Going to playgrounds is a popular activity, but picking one to visit is not always easy. One local mom is on a mission to change that with the help of volunteers.
Dawn Oates is the founder of the Play Brigade, an organization dedicated to inclusion that was inspired by her daughter, Harper, who uses a wheelchair.
Their projects involve all kinds of inclusive play, such as an upcoming accessible 5K, but they are always looking to do more.
Oates has been instrumental in making playgrounds more accessible, but now, she's creating a tool she believes will be useful for all parents. The online resource would be a searchable database of all playgrounds in the city of Boston that lists what is available at each one.
"It's not just helpful for families like ours, it's helpful for every single parent," Oates said. "The importance of knowing what you're getting into before you get there is priceless."
On Friday, Oates teamed up with roughly 70 volunteers from Joint Ventures physical therapy. The company made it their day of service activity to help with Play Brigade's project. Together, they surveyed more than two dozen playgrounds, collecting data and paying close attention to accessibility.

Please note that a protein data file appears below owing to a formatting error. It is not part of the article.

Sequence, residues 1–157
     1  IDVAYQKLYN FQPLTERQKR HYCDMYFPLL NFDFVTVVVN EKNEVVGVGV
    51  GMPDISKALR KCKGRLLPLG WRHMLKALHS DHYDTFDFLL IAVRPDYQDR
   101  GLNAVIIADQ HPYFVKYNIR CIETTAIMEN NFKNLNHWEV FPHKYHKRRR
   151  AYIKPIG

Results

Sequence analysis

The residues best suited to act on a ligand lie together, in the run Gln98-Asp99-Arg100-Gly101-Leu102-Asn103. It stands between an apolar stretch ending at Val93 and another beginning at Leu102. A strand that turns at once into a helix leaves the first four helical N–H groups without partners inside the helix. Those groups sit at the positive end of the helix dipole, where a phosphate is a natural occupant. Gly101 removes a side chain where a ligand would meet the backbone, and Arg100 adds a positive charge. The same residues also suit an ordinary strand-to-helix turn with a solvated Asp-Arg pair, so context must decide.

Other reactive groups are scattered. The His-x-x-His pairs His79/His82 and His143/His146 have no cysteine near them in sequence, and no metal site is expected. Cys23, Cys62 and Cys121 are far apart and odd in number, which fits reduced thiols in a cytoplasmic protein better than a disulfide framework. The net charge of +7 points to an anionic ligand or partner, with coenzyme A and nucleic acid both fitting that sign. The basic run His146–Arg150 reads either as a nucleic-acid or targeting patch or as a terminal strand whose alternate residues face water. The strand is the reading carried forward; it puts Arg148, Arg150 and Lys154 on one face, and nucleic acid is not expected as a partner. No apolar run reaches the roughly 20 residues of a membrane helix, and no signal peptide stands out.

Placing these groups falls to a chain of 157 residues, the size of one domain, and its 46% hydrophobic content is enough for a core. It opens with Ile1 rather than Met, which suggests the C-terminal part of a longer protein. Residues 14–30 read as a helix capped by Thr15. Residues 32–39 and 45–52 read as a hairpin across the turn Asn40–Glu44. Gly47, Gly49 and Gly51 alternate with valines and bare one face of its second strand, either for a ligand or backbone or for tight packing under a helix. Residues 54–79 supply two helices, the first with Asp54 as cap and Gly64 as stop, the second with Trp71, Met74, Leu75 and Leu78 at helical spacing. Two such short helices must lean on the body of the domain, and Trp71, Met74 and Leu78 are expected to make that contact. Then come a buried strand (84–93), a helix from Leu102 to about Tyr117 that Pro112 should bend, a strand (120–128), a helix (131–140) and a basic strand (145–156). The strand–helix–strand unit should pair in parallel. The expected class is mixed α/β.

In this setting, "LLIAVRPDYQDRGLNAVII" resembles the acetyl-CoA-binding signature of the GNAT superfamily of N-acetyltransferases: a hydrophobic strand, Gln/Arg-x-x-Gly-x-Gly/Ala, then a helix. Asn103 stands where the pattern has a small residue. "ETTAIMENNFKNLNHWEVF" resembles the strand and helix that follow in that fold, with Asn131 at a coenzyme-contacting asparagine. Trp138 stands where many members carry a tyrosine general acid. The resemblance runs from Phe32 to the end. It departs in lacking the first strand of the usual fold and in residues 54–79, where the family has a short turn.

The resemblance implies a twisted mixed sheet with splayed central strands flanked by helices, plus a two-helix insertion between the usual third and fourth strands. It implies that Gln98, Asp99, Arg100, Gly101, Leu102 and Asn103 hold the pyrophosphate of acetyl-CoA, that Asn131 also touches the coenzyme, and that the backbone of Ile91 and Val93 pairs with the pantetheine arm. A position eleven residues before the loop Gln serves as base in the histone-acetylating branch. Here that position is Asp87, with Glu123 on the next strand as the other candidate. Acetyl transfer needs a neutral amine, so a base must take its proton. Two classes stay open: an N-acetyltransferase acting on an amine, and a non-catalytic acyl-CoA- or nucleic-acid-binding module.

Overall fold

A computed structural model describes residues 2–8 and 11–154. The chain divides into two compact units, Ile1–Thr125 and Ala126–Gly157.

"We're looking at how accessible they are as far as parking, transportation, bathrooms, all that kind of stuff," Jessica Douglas of Joint Ventures said. "We know this can make a world of difference to the patients we work with every day."
The teams documented every ramp and accessible swing, putting the information into an online portal that will eventually be made public.
"I can click and say, 'I want to know where all the accessible equipment is in these different neighborhoods,' and boom, it will be there," Oates said.
Play Brigade still has more playgrounds to document before the project is complete. They hope it will not just help parents and caregivers, but also help the city figure out which parks are priority for improvements.
To learn more about The Play Brigade, including their upcoming accessible 5K in October, click here.